"I call for a federation of nation states, not a superstate," Barroso said in his state of the union speech in Strasbourg, France, home of the European Parliament.
"A deep and genuine economic and monetary union can be started under the current treaty, but can only be completed with changes in the European Union treaties," he said.
His proposal was not met with universal acceptance among the 27 members of the European Union, where individual national identities are strongly protected.
The New York Times reported Wednesday that the proposal would give the European Central Bank authority over all 6,000 banks in the eurozone.
The ECB would have the authority to fine the banks and to grant or cancel their business licenses, the Times said.
"We must not allow the populists and the nationalists to set a negative agenda," said Barroso, who said the changes need to centralize banking authority could be accomplished by Jan. 1, 2014.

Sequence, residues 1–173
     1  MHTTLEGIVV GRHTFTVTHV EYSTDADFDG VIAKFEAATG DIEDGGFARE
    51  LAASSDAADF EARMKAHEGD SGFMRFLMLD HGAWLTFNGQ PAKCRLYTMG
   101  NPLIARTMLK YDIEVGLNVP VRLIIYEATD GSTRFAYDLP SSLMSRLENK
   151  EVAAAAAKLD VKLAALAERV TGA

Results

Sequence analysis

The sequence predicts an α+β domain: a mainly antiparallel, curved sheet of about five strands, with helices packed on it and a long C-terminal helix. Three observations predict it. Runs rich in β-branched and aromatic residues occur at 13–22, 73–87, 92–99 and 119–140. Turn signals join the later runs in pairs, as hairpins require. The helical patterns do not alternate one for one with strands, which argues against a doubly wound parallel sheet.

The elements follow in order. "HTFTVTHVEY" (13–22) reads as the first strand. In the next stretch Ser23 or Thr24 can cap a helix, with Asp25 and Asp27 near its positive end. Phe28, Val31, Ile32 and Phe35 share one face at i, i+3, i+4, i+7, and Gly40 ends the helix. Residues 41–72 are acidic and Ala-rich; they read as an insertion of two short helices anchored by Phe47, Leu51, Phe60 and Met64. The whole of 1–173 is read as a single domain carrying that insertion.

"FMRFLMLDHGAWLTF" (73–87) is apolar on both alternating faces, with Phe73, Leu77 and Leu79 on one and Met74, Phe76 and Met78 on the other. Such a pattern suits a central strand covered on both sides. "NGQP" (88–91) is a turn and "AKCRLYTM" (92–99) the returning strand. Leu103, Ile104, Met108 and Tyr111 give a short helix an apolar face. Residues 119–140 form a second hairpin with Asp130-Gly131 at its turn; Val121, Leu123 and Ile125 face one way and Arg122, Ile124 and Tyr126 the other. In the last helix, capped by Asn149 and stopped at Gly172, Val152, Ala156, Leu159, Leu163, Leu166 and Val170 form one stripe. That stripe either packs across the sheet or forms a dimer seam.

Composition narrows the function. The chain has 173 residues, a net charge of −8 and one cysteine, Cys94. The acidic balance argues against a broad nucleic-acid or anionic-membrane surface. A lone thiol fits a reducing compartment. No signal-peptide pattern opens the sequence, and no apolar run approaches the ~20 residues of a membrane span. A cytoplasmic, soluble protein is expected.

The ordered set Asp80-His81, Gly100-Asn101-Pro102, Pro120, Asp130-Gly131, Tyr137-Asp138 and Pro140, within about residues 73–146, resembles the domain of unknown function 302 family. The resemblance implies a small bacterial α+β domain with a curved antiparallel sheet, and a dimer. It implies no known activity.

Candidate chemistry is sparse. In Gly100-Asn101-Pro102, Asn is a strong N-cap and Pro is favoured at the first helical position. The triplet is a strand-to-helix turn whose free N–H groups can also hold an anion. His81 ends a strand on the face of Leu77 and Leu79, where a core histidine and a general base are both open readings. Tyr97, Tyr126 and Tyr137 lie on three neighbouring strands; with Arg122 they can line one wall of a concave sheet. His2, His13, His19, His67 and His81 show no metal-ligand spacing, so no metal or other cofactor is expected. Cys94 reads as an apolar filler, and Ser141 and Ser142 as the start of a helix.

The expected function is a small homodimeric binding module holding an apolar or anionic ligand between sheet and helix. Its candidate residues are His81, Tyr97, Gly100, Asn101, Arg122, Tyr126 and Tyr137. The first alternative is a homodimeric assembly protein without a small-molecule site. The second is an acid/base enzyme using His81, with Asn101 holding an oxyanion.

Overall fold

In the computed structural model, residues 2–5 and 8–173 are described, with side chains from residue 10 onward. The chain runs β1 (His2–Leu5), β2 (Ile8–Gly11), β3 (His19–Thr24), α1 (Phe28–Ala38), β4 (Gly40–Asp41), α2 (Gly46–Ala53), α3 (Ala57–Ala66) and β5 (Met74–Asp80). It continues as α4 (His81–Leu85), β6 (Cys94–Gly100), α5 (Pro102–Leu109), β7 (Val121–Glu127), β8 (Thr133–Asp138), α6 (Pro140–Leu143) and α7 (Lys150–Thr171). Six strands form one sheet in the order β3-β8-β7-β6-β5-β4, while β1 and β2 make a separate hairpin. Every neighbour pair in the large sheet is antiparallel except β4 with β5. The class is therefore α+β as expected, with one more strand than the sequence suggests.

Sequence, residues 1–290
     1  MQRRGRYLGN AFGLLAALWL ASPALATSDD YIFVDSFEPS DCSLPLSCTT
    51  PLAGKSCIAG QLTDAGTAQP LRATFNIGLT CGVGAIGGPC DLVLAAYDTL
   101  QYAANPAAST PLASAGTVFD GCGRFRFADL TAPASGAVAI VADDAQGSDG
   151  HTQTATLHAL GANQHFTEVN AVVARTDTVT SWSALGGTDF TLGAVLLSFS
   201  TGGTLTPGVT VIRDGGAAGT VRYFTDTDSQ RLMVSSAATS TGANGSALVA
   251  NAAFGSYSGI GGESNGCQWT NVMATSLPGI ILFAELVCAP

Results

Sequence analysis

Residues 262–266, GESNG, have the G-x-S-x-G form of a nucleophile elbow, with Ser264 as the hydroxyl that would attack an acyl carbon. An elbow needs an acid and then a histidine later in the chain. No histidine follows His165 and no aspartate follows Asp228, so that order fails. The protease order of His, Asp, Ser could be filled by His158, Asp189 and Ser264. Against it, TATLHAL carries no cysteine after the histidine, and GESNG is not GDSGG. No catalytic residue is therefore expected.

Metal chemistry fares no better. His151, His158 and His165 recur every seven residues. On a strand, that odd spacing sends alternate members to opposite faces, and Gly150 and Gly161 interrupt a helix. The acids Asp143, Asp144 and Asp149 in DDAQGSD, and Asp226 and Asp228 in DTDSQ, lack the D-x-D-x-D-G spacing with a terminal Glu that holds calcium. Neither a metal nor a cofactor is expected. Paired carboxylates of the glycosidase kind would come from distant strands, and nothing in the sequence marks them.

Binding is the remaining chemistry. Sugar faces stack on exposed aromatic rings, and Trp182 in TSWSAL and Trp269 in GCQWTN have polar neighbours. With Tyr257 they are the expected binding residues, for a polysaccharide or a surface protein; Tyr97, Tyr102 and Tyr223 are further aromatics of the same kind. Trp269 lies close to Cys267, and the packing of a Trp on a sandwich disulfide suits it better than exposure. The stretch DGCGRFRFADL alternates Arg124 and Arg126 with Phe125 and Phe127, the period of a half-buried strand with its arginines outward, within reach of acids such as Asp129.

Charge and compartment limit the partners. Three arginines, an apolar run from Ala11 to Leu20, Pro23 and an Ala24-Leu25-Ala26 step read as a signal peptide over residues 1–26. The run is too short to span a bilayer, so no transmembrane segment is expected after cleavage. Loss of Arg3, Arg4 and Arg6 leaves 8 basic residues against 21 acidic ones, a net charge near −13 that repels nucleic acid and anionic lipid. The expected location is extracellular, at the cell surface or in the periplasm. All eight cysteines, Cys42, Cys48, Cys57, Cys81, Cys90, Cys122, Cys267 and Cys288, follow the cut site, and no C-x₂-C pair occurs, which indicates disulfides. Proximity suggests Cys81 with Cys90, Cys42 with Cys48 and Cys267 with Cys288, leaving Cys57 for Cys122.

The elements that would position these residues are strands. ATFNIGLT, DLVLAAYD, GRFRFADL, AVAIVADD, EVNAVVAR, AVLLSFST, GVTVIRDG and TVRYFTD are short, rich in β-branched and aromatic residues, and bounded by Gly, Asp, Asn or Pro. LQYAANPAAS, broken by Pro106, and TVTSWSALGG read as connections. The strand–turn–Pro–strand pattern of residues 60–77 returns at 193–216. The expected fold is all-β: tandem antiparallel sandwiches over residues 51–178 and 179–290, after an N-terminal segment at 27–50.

In Berlin, Germany, Chancellor Angela Merkel questioned the ability of one regulator to oversee 6,000 banks.
"It is not acceptable if every bank is to be controlled, but not every bank can be controlled. It is about quality and not quantity," she said.
On the other hand, "A swift agreement would help to challenge the perception that governments in the euro zone never reach agreement on anything without squabbling about it for months on end," said Ken Wattret, the chief eurozone economist in London for the French bank BNP Paribas.
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